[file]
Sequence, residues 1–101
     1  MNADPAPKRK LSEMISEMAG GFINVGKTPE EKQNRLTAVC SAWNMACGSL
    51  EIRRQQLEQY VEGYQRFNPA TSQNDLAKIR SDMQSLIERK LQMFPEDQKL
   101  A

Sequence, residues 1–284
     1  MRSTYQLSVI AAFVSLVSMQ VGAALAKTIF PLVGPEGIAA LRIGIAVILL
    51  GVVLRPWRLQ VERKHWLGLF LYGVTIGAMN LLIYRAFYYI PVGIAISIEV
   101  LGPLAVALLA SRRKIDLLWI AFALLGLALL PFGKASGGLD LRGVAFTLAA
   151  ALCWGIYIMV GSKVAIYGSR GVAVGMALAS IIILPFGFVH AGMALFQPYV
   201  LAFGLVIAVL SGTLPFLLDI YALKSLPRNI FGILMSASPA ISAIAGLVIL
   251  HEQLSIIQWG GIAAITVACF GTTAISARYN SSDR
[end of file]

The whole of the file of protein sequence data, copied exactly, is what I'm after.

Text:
Sequence, residues 1–101
     1  MNADPAPKRK LSEMISEMAG GFINVGKTPE EKQNRLTAVC SAWNMACGSL
    51  EIRRQQLEQY VEGYQRFNPA TSQNDLAKIR SDMQSLIERK LQMFPEDQKL
   101  A

Sequence, residues 1–284
     1  MRSTYQLSVI AAFVSLVSMQ VGAALAKTIF PLVGPEGIAA LRIGIAVILL
    51  GVVLRPWRLQ VERKHWLGLF LYGVTIGAMN LLIYRAFYYI PVGIAISIEV
   101  LGPLAVALLA SRRKIDLLWI AFALLGLALL PFGKASGGLD LRGVAFTLAA
   151  ALCWGIYIMV GSKVAIYGSR GVAVGMALAS IIILPFGFVH AGMALFQPYV
   201  LAFGLVIAVL SGTLPFLLDI YALKSLPRNI FGILMSASPA ISAIAGLVIL
   251  HEQLSIIQWG GIAAITVACF GTTAISARYN SSDR